During 2012, the AIB School of Baking continued improving and expanding educational offerings, seminars, courses, and consulting services with an eye toward additional international offerings, particularly in Latin America.
“One of the areas of improvement we’re undertaking is to better target our products,” said Kirk O’Donnell, vice-president of education. “We’ve listened to the industry, and we’ve acted. As we expand our understanding of the ongoing changes in the baking industry’s needs, we are able to better refine our products and services to meet those needs and expand our services to additional locations.”
The School of Baking’s international presence continued to grow. In 2012, baking education faculty performed consulting and conducted courses and seminars in Mexico, Costa Rica, Panama, Colombia, Peru, Ecuador, Brazil, Chile, Spain, the United Kingdom, Congo, India and Korea. Expansion in the Latin American market sustains exponential growth.
“Our seminars in Brazil are a completely new offering,” Mr. O’Donnell said. “It’s a brand new market with courses being offered in a new language for us. It’s an exciting expansion of our growing Latin American presence.
“Part of the challenge is embracing innovation and responding to change while maintaining our brand. Our faculty spends a lot of time in the field, learning about new equipment, technologies and ingredients. That experience helps us stay current and adapt our learning delivery methods and content to meet industry needs.”
Aaron Clanton, baking curriculum manager, undertook extensive baking industry research to determine which job skills are most in demand from employers. Mr. Clanton studied 350 job descriptions from 42 baking companies, extracted 160 specific job requirements, isolated 70 skills for supervisors, and created a baking competencies matrix for use in redesigning current courses, developing new courses, and adapting course content for flexible methods of delivery — including hybrid and on-line courses.
“We researched industry needs and created a model for training,” Mr. Clanton said. “Our question was, ‘What do people do in their jobs?’ We identified operations, research and development, and quality assurance positions as our focus. What we wanted to do was get to the core learning objectives and design content to meet that need.”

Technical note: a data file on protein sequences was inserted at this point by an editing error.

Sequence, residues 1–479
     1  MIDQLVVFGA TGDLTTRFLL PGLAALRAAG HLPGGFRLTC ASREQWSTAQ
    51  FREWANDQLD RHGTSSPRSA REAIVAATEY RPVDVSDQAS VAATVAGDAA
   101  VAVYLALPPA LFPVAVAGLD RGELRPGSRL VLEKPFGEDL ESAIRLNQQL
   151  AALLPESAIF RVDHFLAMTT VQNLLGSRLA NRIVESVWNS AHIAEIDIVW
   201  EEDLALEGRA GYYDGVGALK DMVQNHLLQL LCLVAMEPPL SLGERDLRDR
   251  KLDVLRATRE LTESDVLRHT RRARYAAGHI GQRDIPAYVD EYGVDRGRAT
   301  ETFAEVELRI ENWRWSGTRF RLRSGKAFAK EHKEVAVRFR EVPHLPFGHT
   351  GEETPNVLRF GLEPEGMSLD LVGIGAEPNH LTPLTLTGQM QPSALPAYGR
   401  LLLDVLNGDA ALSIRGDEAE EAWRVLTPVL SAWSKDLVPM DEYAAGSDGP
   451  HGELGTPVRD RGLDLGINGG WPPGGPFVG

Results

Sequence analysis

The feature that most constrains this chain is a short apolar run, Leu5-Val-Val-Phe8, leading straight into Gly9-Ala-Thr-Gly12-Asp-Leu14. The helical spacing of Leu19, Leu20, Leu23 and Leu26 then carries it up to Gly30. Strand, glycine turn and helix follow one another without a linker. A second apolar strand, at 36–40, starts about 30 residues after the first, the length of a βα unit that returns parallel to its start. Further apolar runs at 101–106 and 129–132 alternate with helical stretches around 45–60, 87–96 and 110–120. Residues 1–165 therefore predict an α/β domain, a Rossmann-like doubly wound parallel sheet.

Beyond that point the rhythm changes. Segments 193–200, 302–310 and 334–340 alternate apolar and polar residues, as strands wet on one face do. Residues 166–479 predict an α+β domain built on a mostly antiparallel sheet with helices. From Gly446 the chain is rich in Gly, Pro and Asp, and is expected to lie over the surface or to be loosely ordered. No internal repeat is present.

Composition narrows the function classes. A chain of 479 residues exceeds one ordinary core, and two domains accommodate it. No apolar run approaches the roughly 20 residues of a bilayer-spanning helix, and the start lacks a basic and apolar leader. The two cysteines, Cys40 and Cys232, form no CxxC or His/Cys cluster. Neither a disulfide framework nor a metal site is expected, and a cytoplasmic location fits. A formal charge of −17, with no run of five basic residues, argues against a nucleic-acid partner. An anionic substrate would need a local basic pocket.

The model incorporates four distinct areas of instruction, including pre-classroom preparation, interactive classroom instruction, hands-on application, and continuing post-program education.
By defining the target audience and training needs in different areas of the baking industry, courses and seminars can be designed to fit the specific needs of each client.
“In addition to continually making improvements to our educational products, we’re finding ways to better target our products,” Mr. O’Donnell said. ”Knowing what drives members of the baking industry toward increased job performance in different areas of baking helps us refine existing products and develop new ones to better serve our clients.”
New effective bakery manager course
The Production Operations/Management seminar has been replaced with a new seminar designed to meet the changing demands of the baking industry. The new course, The Effective Bakery Production Manager, addresses the most common challenges faced by production managers. The curriculum specifically addresses challenges such as regulatory concerns, production planning, understanding production costs, documentation and data analysis, process improvements and cost reduction, application of resources, and problem solving. In 2013, AIB has scheduled three formats for this new course: a one-week, face-to-face course; the same face-to-face course offered virtually; and a two-week program appended to the 16-week Baking Science and Technology (BS&T) course.
The new seminar content has been approved by selected industry experts who are or have been successful plant managers. The new course was offered for the first time in February 2013 and replaces the Production Operations/Management seminar in AIB’s certification programs.
The central component of the previous seminar — the G.A.M.E. computer simulation — is being converted into a virtual classroom that will be offered in 2013. The simulation allows up to 12 teams to compete against each other for market share, financial solvency, and retained earnings. With the course offered in a virtual format, an increased number of students may participate, and teams will be comprised of members who are located around the globe.
The BS&T course also is affected by the curriculum revisions. The production management section of the BS&T has been moved to the last two weeks of the course where it will serve as a capstone experience. The change will allow participants to apply what they learn in the science, bread and rolls, and sweet goods sections of the BS&T to production management. Additional baking labs were added to the bread and roll section of the BS&T to increase the hands-on experience for participants.
“Much of what we accomplished in the School of Baking in 2012 set the groundwork for additional expansion of educational offerings and other services,” Mr. O’Donnell said. “With a relatively small staff, we manage to accomplish a great deal. We’re looking forward to creating even more products and services for our students and clients in the upcoming year.”